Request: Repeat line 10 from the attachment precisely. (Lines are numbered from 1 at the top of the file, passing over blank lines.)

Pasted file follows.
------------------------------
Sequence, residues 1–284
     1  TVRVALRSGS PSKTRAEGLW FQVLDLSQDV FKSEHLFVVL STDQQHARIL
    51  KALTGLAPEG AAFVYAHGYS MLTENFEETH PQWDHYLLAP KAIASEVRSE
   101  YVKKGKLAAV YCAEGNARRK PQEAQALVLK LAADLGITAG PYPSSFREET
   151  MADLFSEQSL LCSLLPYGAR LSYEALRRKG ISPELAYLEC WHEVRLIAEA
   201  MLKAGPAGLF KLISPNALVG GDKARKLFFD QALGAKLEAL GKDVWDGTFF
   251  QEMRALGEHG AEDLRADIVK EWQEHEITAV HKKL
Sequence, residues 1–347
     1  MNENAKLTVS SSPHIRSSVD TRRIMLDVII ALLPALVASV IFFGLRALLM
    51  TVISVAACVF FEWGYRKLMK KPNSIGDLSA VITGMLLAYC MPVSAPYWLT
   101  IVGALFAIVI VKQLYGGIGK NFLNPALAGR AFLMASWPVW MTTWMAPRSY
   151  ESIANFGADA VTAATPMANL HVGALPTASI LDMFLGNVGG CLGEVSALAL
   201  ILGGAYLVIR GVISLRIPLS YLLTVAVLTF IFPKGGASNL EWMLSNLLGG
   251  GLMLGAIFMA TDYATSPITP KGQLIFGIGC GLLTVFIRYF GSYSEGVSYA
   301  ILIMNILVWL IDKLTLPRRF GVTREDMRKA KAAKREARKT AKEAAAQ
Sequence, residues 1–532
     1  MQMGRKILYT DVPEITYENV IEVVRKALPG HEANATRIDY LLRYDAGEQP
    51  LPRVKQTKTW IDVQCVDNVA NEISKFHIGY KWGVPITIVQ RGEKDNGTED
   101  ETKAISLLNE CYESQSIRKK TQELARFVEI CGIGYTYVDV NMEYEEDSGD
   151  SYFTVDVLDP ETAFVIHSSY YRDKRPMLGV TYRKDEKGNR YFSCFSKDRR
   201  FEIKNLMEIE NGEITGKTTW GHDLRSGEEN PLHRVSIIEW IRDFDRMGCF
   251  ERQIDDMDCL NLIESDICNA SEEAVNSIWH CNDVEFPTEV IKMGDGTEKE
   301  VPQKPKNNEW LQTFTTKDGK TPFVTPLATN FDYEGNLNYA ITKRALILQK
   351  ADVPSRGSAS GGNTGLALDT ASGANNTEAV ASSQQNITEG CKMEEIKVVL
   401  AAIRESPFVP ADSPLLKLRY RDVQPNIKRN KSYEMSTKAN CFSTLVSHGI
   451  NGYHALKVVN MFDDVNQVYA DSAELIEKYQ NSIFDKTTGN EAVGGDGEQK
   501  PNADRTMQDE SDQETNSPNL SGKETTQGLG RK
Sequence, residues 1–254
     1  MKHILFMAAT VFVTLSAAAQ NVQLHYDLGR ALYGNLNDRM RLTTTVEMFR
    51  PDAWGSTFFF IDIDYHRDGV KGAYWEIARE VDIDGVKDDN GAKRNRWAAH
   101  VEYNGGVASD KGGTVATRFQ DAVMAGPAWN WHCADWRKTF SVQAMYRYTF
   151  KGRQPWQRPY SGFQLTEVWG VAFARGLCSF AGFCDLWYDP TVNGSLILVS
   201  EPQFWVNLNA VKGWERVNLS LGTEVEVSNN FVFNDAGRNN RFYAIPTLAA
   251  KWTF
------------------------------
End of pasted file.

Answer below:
    51  TVISVAACVF FEWGYRKLMK KPNSIGDLSA VITGMLLAYC MPVSAPYWLT